The series of the “Elgin Marbles” consists of a body of works created between 2015 and 2016. The sculpture-paintings - made up of wooden prisms with a triangular base variously painted on the three faces and mounted on a steel frame that allows them to rotate on their axis - offer sublime examples of classical Greek sculpture in never-ending interpenetration with terrestrial, aquatic and flying animals. Wondrous fragments of some of the gods of the Greek pantheon (Iris, Lissos, Dionysus, Hermes), together with the Head of Selene horse, stand out “transfigured” on colored backgrounds: metamorphoses of Ovidian memory reinterpreted through the filter of contemporary sentiment that speculates about the principle of “ideal beauty” and the concept of harmony. The topical theme tackled by the artist is reflected in the age-old Anglo-Greek dispute about the return of the famous stone fragments from the east and west pediments of the Parthenon, removed by Lord Elgin in 1816; purchased in 1816 by the British government, and still on display in the British Museum.
In this “fragmented speech”, in which the unity of vision is further split into the multiple faces of the parallelepipeds, the viewer is invited to create his own mythological imagery in which the works of Phidias – a perfect synthesis of balance, composure and proportion - are in symbiosis with the forms of Creation.
Through this playful approach the viewer is invited to create a mythological imagination of his own, where the aesthetic element is profoundly bound to the ethical one, a feature that also characterizes the classical statuary: amazing visual epiphanies that take shape thanks to the dialogue with onlookers and solicit reflection on impelling ecological issues that characterize the era in which we live, such as the conservation of biodiversity and the preservation of natural habitats and animal species related to them.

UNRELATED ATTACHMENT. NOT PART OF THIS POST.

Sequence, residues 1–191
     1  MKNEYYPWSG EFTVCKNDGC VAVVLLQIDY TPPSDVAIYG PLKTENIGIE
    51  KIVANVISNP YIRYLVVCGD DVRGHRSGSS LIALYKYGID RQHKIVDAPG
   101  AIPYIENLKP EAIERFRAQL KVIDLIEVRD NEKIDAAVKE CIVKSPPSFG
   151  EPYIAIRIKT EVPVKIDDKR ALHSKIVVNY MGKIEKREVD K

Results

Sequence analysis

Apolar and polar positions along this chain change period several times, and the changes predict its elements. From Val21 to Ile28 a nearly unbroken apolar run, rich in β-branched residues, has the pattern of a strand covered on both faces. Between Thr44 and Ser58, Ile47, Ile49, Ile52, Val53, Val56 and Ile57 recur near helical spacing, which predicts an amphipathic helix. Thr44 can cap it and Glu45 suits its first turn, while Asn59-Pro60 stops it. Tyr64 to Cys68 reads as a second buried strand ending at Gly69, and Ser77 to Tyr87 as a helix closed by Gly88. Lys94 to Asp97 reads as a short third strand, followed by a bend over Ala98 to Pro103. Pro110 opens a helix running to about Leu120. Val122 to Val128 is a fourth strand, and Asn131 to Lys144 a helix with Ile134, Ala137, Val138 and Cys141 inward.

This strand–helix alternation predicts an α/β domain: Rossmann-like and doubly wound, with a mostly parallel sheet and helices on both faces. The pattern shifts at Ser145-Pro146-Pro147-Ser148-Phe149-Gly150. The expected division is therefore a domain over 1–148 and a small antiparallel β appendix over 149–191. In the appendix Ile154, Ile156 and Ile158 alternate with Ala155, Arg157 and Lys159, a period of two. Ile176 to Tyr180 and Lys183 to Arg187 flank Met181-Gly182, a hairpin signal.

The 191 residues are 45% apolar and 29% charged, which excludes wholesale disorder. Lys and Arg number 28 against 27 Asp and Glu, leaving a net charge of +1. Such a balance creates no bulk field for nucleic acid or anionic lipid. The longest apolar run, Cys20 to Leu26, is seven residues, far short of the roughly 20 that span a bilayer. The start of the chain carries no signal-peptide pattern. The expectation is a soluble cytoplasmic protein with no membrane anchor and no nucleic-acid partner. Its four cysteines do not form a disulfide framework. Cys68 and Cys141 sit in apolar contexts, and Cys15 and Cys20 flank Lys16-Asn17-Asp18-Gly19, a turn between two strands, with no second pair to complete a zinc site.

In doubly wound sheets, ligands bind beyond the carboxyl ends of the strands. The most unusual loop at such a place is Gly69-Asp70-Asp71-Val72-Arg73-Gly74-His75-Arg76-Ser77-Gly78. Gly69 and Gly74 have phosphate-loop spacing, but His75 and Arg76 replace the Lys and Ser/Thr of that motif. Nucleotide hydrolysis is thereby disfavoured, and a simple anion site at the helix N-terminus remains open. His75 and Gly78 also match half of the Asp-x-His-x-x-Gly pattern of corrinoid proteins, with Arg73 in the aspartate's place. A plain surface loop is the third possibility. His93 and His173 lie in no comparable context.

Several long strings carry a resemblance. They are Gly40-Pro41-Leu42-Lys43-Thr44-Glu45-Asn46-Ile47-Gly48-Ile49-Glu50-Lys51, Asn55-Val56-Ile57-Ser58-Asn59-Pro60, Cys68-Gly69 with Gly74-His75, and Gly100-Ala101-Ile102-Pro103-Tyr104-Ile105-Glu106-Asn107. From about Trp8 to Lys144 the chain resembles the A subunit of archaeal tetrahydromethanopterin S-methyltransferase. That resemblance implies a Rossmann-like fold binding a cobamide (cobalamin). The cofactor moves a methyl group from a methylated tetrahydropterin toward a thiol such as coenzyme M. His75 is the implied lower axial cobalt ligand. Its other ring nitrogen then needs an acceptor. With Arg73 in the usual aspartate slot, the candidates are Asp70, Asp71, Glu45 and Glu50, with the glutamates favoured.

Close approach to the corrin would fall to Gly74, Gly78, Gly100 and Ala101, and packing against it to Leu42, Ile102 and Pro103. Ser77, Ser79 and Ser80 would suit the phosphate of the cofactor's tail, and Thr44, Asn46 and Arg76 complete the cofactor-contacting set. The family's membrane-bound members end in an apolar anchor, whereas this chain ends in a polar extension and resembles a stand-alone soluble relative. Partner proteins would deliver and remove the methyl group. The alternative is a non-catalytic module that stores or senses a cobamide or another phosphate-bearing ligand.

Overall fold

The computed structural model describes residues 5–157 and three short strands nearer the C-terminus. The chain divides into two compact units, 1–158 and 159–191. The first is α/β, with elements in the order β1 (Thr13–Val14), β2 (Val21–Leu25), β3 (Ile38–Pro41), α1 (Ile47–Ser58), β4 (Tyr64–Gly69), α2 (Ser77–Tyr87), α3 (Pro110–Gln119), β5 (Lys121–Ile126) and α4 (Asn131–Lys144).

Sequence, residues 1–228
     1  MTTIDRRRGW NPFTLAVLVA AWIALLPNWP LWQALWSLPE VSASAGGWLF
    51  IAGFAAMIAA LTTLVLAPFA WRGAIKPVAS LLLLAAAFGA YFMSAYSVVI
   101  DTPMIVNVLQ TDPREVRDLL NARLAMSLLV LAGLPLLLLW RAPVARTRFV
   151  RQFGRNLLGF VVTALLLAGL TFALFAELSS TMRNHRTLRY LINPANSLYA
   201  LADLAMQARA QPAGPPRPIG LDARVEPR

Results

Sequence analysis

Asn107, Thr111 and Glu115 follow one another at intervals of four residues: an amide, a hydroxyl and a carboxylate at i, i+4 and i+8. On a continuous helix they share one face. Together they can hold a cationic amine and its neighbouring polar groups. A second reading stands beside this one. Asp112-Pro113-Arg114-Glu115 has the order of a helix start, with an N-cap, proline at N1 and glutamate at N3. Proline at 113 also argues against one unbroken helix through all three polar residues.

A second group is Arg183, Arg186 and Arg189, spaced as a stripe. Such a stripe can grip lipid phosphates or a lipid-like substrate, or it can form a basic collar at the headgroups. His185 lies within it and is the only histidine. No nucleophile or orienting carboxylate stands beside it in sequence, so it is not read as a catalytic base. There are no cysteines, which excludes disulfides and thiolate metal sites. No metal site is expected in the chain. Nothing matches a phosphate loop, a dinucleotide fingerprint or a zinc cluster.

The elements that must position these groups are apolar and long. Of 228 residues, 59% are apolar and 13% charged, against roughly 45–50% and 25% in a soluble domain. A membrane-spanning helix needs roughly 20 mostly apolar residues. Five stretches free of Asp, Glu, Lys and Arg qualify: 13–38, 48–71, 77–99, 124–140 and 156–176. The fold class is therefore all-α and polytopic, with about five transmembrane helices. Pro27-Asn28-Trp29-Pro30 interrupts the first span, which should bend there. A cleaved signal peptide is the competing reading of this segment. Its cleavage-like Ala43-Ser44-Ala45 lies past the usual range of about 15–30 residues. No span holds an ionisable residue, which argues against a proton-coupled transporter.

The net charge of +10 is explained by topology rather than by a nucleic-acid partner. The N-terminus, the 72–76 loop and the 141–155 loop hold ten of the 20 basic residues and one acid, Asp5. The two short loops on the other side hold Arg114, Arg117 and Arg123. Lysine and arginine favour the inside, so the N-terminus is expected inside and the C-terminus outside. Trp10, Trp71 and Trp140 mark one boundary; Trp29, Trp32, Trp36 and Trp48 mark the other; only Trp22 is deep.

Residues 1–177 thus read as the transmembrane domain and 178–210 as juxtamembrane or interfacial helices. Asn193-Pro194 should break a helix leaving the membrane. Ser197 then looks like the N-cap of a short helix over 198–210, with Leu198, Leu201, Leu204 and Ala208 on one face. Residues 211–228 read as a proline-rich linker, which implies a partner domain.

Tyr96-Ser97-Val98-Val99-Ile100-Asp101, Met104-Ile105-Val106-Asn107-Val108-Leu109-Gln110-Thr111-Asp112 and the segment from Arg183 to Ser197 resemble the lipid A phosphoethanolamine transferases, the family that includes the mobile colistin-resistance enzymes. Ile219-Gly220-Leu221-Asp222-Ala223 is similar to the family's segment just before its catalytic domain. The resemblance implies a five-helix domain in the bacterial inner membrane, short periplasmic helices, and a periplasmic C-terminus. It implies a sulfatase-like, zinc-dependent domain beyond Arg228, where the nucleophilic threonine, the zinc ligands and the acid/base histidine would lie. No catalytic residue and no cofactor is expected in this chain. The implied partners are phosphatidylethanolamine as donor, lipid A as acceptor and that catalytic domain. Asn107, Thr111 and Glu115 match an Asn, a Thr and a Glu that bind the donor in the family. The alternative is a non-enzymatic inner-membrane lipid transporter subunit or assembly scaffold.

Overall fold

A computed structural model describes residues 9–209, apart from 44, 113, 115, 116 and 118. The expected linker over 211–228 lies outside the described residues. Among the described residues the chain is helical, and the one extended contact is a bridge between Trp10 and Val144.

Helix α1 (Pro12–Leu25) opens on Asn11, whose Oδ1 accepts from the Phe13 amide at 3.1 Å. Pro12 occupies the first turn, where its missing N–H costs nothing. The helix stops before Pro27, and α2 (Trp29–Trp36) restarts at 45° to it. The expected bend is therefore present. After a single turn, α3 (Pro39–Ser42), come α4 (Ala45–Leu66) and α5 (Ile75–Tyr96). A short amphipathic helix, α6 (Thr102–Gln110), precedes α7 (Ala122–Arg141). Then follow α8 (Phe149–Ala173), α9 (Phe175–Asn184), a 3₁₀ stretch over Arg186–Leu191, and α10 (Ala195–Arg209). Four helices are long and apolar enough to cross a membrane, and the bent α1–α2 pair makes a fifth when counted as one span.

The strong iconic character of the Parthenon sculptures is unfailingly emphasized by brightly colored backgrounds - compact and vivid - against which the Horse head of the Greek moon goddess stands out, repeated in various different versions: the playful hint to the “pop” silk-screen paintings by Andy Warhol finds an interesting conceptual counterpoint in the medieval art tradition where backgrounds were treated with the old technique of gilding and silvering, a blatant example of how Ancilotto’s art manages to perfectly fit in the fruitful dialogue between tradition and innovation.
The cycle of works at issue - complete with graphics and video materials (preparatory drawings and projections documenting the artist’s work and illustrating her works in their colorful becoming) - is designed for an exhibition to be set up in a museum environment in which the artworks, marked by an interactive character, are supported by explanatory panels designed to highlight the cultural significance of the Greek statues and ideally place them back in their original historical and geographical context.
“Play is the highest form of research”, stated Albert Einstein: to educate people of all ages to a type of differentiated and personal use and at the same time involve them in the aesthetic, sensory and emotional experience of artistic doing is the goal pursued by the Roman artist in proposing the series of “Elgin Marbles”; making topical the past in an unceasing ‘hic et nunc’; the versatility of the works at the same time allows one to experience art in its various declensions and to rediscover the cultural roots of our Western civilization.